I am using a discriminant function analysis to see which environmental variables best discriminate my study wetlands into those occupied by a species and those not occupied.
I have 23 wetlands and 11 environmental variables and am interested in distinguishing two groups: occupied wetlands vs unoccupied wetlands. I am using R and the MASS package function lda().
Because I am only interested in two groups, only one linear discriminant function is produced. I am therefore interested to know what the appropriate way to graph the data is?
I am able to produce both a scatter plot or a histogram (see below). I would prefer the scatter plot but then this is LD1 plotted against an arbitrary x-axis (essential the x-axis goes from 1 to 23 (my number of sites), the y-axis is the range of the discriminant function values, and then the first site is assigned to x=1 and its discriminant function value is plotted). Is it therefore not appropriate to use a scatter plot in this situation? I assume also in this case then you cannot calculate a 95% confidence interval ellipse...?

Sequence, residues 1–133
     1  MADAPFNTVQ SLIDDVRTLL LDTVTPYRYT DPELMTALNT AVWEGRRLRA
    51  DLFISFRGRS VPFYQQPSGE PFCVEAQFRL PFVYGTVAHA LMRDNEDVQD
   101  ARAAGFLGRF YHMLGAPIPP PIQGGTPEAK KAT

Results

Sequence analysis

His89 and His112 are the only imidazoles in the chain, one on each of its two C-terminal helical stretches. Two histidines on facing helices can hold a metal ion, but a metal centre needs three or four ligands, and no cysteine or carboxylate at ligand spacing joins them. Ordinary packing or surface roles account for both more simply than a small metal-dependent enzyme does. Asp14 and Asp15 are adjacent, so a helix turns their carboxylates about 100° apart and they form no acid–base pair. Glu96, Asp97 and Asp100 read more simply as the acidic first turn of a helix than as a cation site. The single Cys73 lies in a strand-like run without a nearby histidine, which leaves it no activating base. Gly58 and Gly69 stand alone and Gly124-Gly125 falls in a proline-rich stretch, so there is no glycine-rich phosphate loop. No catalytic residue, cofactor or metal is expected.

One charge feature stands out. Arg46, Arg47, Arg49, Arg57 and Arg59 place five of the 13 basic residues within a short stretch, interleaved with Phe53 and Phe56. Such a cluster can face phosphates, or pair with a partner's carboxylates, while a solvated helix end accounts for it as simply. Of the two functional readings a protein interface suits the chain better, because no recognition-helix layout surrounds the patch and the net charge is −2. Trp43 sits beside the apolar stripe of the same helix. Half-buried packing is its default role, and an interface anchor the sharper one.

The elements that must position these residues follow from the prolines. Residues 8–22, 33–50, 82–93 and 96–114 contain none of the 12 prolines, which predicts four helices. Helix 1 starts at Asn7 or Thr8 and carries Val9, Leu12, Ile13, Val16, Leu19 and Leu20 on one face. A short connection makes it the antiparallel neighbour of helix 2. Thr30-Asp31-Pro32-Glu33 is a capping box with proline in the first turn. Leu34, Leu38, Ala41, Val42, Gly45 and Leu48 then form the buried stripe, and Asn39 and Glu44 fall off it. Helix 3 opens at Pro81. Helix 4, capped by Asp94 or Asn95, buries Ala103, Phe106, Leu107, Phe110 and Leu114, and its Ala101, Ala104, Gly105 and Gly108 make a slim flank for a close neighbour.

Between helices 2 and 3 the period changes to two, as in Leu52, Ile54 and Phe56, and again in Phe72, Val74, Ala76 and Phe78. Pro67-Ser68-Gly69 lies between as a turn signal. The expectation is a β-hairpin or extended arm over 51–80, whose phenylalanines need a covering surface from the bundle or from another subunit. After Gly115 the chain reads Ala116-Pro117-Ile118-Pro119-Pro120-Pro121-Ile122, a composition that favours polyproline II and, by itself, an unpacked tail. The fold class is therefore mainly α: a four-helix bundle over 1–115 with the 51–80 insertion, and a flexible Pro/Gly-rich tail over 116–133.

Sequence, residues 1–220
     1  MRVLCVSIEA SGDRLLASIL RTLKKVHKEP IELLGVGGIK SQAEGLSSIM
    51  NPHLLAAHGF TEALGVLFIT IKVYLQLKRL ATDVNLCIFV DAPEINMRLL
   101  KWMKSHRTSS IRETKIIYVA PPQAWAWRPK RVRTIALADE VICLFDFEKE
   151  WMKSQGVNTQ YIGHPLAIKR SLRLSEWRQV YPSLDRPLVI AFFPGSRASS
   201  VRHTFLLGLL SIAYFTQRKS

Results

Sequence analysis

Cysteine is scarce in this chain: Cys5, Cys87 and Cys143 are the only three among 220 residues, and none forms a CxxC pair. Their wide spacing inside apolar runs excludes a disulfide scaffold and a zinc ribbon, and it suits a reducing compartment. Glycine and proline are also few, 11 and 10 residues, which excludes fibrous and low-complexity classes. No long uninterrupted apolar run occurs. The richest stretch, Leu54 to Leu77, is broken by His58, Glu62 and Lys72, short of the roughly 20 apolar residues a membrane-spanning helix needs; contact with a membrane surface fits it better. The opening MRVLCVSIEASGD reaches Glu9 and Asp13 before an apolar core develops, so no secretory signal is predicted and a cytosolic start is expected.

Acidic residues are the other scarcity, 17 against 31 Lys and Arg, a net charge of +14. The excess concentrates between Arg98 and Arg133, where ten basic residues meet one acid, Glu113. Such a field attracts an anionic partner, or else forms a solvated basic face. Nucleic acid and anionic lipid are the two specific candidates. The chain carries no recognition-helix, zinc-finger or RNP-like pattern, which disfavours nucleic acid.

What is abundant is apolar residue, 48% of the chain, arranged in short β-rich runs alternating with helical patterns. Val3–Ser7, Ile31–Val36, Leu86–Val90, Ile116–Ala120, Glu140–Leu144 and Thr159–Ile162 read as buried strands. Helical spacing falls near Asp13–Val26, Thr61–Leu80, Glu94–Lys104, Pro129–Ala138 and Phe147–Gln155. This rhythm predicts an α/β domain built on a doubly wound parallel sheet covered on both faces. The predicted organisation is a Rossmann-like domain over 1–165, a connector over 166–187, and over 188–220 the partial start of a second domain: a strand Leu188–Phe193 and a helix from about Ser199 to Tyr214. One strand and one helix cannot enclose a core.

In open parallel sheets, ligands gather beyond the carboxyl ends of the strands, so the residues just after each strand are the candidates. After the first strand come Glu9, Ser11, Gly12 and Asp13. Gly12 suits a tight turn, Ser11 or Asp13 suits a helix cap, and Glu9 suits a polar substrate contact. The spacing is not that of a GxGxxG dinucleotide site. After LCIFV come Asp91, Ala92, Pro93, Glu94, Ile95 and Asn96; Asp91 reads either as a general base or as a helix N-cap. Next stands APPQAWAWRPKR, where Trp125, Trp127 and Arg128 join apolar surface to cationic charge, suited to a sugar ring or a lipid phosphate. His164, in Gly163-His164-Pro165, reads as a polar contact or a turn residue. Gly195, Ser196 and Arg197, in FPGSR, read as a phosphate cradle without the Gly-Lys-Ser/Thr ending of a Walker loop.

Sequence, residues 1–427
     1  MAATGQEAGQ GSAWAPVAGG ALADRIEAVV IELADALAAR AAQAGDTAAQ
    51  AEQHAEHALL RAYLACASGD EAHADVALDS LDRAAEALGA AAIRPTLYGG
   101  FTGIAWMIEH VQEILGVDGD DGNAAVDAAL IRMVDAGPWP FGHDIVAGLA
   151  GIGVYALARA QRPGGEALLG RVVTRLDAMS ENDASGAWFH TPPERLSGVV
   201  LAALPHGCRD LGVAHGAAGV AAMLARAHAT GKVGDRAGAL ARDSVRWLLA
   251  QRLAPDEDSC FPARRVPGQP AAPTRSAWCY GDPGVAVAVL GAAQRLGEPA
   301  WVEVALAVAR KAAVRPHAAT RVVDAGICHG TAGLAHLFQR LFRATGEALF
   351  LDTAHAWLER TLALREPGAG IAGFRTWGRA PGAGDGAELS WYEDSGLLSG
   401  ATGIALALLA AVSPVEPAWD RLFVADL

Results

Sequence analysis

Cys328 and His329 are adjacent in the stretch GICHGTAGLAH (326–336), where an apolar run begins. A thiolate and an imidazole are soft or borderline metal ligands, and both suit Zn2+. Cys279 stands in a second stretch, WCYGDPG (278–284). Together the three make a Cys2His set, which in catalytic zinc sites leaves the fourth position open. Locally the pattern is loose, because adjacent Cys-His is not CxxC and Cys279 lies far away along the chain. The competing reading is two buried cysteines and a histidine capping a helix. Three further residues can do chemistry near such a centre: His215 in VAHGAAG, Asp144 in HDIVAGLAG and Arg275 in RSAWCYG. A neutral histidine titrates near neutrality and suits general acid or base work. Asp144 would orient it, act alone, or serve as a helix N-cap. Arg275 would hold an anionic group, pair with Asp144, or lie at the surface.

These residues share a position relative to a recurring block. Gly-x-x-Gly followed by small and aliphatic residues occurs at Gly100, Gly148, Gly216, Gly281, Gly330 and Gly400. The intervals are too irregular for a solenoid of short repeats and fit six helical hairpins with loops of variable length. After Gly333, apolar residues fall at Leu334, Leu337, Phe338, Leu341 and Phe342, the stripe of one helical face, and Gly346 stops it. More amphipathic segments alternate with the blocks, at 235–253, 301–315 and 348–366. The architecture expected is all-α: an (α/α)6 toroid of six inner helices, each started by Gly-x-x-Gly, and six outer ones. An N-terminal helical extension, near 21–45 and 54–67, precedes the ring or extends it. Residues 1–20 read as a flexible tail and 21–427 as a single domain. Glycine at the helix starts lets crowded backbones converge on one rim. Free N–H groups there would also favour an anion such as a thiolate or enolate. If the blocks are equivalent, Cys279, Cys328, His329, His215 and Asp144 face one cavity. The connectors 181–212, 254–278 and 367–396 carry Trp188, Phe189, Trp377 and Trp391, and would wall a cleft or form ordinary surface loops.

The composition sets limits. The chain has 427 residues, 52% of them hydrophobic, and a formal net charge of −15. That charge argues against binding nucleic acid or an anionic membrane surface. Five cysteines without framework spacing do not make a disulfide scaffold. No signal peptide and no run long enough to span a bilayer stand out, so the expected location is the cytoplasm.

#code for my discriminant analysis hab.lda <- lda(grp ~ ., data=hab_std) hab.lda.values <- predict(hab.lda, hab_std) hab.class <- predict(hab.lda)$class #create a histogram of the discriminant function values ldahist(data = hab.lda.values$x[,1], g=grp) #create a scatterplot of the discriminant function values plot(hab.lda.values$x[,1], type="n", xlim=c(0,30), ylab=c("LDA Axis 1")) text(hab.lda.values$x[,1], row.names(hab_std), col=c(as.numeric(hab.class)+10)) abline(v=0, lty="dotted") abline(h=0, lty="dotted")
I have spent a lot of time searching for an answer online and in the literature but have found no satisfying answer. Thus advice on the correct way to plot the data would be greatly appreciated!
Here are the pictures of the a) scatterplot b) histogram